Protesters remove tents from U of T encampment, spray paint ‘We will return’ on grass


Patches of grass that were entirely covered by tents were once again visible at King’s College Circle Wednesday as protesters at the pro-Palestinian encampment at the University of Toronto (U of T) campus cleared out before a court-enforced deadline came into effect.

The protesters left a parting message, spray-painting the words, “We will return,” on the grass where the encampment used to be.

Mohammad Yassim, the spokesperson for Occupy U of T, said they would be departing the encampment before the 6 p.m. deadline.

“We are leaving on our terms to protect our community from the violence of the University of Toronto is eager is clearly eager to unleash upon us,” said Yassim.

“Our continued occupation through the summer convocation period was a massive victory,” added Yassim.

U of T President Meric Gertler said that he is pleased that protesters ended the encampment peacefully.

“Members of our community continue to be free to exercise their right to free speech and lawful protest at the University of Toronto,” read his statement.

A group of pro-Palestinian protestors moved from U of T campus onto College Street before heading up to Yonge and Bloor Streets where they eventually dispersed.

Participants were seen removing personal valuables and supplies from the encampment earlier on Wednesday.

Student protestor Sara Rasikh said Wednesday that regardless of whether or not the encampment comes down, they will continue their activism on campus.

“The encampment has proven to be an extremely powerful tactic. It took for us to establish this encampment for U of T to even approach the negotiating table, for them to even utter the word ‘Palestine,’” she said.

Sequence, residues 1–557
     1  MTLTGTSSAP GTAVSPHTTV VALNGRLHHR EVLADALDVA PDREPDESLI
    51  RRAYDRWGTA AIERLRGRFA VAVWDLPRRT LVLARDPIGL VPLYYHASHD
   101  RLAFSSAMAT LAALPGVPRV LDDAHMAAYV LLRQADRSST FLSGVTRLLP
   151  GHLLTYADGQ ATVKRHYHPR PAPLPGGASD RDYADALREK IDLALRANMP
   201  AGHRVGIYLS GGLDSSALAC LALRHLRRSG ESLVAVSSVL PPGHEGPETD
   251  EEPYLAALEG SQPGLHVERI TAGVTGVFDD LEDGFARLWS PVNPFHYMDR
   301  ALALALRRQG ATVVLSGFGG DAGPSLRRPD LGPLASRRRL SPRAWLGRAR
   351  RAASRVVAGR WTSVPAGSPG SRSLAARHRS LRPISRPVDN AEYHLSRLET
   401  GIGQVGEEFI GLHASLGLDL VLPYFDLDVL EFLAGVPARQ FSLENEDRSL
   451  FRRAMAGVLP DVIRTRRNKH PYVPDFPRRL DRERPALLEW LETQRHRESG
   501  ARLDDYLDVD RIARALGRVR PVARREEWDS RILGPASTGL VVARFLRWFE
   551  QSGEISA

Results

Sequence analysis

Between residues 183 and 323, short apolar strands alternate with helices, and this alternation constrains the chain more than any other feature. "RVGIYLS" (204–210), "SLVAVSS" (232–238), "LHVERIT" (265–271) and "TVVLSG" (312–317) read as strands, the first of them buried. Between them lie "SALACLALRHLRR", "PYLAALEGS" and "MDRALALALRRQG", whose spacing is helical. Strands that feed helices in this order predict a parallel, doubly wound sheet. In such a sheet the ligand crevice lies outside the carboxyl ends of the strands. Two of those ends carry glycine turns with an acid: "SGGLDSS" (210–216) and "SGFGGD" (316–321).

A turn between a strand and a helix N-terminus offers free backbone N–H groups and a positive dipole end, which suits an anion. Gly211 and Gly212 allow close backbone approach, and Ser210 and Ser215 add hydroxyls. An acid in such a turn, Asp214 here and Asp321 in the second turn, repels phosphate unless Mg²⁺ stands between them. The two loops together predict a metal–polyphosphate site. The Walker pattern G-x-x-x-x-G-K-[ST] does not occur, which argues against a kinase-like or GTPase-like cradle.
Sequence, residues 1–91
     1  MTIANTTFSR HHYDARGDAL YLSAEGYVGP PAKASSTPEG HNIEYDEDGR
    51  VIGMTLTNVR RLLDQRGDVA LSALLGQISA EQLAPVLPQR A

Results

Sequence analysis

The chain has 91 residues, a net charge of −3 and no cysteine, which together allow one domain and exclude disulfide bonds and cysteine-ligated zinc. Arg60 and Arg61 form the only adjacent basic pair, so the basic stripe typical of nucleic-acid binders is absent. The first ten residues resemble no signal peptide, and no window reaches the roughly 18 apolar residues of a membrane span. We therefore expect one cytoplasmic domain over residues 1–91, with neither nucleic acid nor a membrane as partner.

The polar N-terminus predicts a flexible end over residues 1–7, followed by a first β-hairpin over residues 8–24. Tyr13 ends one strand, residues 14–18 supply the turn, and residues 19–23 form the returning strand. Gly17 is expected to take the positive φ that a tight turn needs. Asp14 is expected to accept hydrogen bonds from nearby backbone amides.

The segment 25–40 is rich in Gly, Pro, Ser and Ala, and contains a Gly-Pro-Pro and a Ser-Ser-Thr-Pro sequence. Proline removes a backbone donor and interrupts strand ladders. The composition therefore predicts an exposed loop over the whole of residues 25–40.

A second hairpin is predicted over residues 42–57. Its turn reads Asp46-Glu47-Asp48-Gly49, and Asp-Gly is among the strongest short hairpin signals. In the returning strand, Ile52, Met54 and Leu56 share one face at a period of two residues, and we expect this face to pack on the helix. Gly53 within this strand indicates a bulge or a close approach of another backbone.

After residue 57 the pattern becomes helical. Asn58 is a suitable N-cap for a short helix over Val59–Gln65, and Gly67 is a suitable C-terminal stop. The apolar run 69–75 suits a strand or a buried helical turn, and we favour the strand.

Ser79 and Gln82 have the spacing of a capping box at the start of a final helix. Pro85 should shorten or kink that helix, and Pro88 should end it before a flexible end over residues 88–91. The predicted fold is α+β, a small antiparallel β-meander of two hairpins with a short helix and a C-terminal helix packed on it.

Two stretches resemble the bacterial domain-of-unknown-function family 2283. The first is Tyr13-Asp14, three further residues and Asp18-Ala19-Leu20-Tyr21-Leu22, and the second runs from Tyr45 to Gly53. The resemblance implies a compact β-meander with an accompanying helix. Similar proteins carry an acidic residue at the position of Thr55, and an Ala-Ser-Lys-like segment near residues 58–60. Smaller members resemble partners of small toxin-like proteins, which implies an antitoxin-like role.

“Going forward into the future of course at some point this encampment will have to come down. That does not mean that we are leaving, we will continue applying pressure on this very campus.”

An Ontario judge granted the university the injunction it was seeking on Tuesday.

“The court orders that the respondents and any and all persons of this order having knowledge of this Order, no later than 6 p.m. on July 3 shall remove all structures, tents, encampments and items of personal property placed or created or imposed by them at Front Campus and King’s College Circle,” read the decision by Justice Markus Koehnen.

Koehnen added that while there is no evidence the encampment participants have been violent or antisemitic, the demonstration has taken away the university’s ability to control what happens in the area known as King’s College Circle. 

He said property owners generally decide what happens on their property, and if protesters can take that power for themselves, there is nothing to stop a stronger group from coming and taking over the space from the current protesters. 

He said that leads to chaos, and his order gives police the authority to arrest and remove anyone who knows about it and contradicts it. 

Koehnen’s decision does not prevent protests on campus, but does prevent them from camping overnight or erecting structures that block access to university property.

In a brief statement on Tuesday, police said they would enforce the order, adding that they won’t disclose operational details. However, they noted that the court order states that police action is at their discretion. 

On Wednesday afternoon, Toronto Police asked protestors to “please leave voluntarily” in a post on X.

As the deadline neared, they issued another warning via X at around 3:00 p.m. saying “refusing to leave disobeys a court order and ostructs police in their duty to enforce. Both are criminal offences”

“Having a criminal record has serious long-term consequences. Please leave voluntarily to avoid police action,” the post said.

If the encampment is not voluntarily cleared by 6 p.m., participants could face forcible removement by police, disciplinary sanctions from the university and prosecution for trespassing.

The protesters set up camp on May 2 and previously said they would stay put until the school agrees to their demands, which include disclosing and divesting from investments in companies profiting from Israel’s offensive in Gaza.

The court ruling said the university has procedures in place to consider divestment requests and has offered the protesters an expedited process.






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